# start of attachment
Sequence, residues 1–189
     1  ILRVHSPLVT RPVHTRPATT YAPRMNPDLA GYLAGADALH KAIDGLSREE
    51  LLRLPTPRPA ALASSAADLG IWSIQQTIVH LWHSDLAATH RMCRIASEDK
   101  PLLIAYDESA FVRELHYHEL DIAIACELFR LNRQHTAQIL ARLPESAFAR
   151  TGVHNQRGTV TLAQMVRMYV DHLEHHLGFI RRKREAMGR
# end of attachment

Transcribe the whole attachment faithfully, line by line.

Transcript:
Sequence, residues 1–189
     1  ILRVHSPLVT RPVHTRPATT YAPRMNPDLA GYLAGADALH KAIDGLSREE
    51  LLRLPTPRPA ALASSAADLG IWSIQQTIVH LWHSDLAATH RMCRIASEDK
   101  PLLIAYDESA FVRELHYHEL DIAIACELFR LNRQHTAQIL ARLPESAFAR
   151  TGVHNQRGTV TLAQMVRMYV DHLEHHLGFI RRKREAMGR